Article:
Light Beer Doesn’t Have To Suck

Last week it was 100 degrees in Pasadena and we had some folks over for beer and grilled sausage (a fine, fine combination if you ask me).  Fresh on tap was a new beer that I did as almost a joke - a light lager.  It clocked in at 4.5% ABV, which is a bit higher than Bud Light and Coors Light, but still lower than the best marketed beer of all time, Corona.  The goal in brewing this beer was to make a something that suits the day-drinking days of summer, or as we call it in Southern California, every day.  After just three weeks from the day it was brewed, the beer made its debut and the reaction from everyone who has tried it (including my beer-hating wife/business partner) has made me strongly consider making a light lager one of the initial Wild Parrot beers.  

Macro-brewed light lagers are made with pretty marginal ingredients, with the purpose of creating something that is as inoffensive as possible while still containing enough alcohol to make it worthwhile.  With six of the ten most popular beers in the country being light lagers, you can’t argue against that formula.  Unfortunately, that formula doesn’t work for craft brewers because the other reason light lagers sell so well is because they are cheap.  The revised formula that fits the financial realities of a small brewery is a lower alcohol lager that is made with the best ingredients and has a great flavor while having the “drinkability” that makes traditional light lagers appealing.  All that at a price way higher than you will pay for a tall boy of Natty Light!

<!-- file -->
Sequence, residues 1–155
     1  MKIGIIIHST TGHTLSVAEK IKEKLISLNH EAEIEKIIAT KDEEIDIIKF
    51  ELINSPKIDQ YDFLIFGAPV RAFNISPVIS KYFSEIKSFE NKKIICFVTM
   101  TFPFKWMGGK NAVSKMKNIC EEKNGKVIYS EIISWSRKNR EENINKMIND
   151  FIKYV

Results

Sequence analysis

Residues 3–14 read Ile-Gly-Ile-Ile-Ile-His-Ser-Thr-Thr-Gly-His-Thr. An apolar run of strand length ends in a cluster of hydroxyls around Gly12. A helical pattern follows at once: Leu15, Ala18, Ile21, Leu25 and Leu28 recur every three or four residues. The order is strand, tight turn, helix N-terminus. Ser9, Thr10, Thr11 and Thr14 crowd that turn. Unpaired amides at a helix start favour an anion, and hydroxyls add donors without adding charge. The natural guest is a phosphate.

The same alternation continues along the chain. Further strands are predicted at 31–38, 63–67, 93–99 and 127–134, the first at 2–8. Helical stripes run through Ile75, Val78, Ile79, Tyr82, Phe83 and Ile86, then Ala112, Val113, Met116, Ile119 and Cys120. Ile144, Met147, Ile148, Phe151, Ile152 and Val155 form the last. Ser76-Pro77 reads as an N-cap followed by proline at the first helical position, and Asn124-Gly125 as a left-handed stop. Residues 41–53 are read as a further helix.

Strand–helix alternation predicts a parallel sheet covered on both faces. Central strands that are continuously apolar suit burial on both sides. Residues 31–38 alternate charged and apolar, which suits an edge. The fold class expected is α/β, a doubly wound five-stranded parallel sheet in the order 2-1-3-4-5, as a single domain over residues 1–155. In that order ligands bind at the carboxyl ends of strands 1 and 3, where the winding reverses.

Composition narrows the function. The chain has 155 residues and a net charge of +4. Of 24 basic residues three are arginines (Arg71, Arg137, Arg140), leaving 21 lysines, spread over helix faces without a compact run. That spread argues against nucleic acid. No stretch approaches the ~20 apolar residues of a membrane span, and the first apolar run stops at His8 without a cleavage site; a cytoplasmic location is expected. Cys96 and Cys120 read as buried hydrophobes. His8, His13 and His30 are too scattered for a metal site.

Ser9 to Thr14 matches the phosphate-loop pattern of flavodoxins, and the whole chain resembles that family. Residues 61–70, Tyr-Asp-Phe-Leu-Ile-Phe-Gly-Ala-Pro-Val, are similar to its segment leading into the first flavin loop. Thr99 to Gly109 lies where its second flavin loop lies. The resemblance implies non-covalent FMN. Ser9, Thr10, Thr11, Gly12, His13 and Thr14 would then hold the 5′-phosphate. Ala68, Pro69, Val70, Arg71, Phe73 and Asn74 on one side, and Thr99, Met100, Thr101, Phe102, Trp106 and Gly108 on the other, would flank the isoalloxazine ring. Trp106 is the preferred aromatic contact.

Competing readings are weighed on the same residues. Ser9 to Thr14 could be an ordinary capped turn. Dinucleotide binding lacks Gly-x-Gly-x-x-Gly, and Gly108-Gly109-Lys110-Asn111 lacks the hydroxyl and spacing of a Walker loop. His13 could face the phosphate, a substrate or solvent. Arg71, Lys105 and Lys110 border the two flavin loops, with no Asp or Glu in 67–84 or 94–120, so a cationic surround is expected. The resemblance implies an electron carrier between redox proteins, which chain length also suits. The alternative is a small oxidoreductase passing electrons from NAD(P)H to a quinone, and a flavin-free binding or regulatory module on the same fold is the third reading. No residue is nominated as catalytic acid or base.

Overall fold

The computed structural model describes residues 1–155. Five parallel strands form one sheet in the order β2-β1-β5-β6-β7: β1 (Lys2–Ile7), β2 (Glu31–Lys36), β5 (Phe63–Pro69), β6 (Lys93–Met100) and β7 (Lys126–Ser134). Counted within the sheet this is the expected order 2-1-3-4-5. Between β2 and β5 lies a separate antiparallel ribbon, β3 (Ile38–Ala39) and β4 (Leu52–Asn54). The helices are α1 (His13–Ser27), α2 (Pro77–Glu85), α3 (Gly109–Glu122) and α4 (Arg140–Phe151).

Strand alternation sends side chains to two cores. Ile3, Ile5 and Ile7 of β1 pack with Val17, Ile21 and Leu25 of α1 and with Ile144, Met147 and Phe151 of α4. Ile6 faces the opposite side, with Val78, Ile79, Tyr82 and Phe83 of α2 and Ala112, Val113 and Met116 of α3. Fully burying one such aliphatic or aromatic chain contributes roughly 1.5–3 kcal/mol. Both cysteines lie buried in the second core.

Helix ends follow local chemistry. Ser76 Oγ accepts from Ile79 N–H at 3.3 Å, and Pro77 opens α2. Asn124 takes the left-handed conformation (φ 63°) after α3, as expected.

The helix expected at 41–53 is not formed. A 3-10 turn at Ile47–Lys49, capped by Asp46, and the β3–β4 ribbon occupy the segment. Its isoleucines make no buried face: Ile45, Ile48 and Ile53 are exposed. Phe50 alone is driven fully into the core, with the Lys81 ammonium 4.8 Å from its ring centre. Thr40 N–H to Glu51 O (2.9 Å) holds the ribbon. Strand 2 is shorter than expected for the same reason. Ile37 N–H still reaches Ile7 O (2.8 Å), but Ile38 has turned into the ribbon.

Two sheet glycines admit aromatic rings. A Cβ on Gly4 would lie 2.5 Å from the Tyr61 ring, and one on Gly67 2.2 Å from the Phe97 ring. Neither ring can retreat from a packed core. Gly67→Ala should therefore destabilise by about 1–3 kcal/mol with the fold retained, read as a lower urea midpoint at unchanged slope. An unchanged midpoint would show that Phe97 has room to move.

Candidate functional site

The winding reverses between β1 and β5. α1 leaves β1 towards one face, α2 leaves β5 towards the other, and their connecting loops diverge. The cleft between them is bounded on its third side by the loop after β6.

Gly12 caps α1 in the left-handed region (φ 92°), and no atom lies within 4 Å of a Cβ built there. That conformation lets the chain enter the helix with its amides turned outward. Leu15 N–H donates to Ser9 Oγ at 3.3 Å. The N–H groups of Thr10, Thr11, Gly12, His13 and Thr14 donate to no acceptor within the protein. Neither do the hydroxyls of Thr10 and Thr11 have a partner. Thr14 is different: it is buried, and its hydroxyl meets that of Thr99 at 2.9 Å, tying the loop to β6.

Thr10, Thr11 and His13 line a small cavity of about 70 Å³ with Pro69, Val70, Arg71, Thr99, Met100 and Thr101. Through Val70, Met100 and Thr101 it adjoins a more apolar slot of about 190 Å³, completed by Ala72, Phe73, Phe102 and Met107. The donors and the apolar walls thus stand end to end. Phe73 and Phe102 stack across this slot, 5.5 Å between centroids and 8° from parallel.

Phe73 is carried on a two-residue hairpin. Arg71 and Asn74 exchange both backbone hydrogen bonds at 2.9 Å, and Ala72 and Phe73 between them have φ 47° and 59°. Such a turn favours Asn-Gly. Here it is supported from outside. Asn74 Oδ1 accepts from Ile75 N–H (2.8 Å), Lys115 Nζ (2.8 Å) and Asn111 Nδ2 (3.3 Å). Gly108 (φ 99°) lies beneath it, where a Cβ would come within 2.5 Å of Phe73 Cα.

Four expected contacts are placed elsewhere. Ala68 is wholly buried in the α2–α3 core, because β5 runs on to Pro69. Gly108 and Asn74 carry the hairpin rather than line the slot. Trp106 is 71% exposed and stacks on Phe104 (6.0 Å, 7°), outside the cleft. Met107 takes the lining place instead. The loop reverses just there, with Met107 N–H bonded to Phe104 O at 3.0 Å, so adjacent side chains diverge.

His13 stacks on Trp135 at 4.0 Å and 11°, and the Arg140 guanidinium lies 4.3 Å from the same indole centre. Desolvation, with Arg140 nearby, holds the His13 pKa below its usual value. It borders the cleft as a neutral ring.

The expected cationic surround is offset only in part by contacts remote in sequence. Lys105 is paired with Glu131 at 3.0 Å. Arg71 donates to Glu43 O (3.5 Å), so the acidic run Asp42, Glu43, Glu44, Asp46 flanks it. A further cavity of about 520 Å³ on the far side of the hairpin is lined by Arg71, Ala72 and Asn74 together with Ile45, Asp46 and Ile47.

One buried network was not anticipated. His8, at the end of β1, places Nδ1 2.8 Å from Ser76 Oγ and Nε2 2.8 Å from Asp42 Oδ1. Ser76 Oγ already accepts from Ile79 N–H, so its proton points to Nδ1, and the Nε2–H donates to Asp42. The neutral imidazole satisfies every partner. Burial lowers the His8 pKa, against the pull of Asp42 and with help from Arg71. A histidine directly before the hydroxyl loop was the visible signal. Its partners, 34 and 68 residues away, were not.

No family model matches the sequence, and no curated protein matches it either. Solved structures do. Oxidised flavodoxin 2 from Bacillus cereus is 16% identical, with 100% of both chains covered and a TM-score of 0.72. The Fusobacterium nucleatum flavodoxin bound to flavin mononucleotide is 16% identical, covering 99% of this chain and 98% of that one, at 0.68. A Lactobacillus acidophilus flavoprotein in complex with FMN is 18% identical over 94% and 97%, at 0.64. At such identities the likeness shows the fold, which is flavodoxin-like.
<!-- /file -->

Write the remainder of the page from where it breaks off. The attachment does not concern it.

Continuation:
I don’t expect this to be a big seller, but rather a gateway beer for people who are comfortable drinking something like Bud Light (nearly $7 billion in sales last year) but are also interested in branching out.  Most breweries have something like a blonde ale or hefeweizen to rope people in.  Wild Parrot will have a light lager.  Or maybe we will call it a blonde lager, which sounds sexier.  Either way, it needs a catchy name.  Flaming Tarantula Vomit Light?

Quick Update - The long and painful work on the financial documents for the business plan is nearing a conclusion!  A draft is done and is being sent out for review.  Our couch has turned up $1.35 in change, putting us at just under half a million bucks to our goal!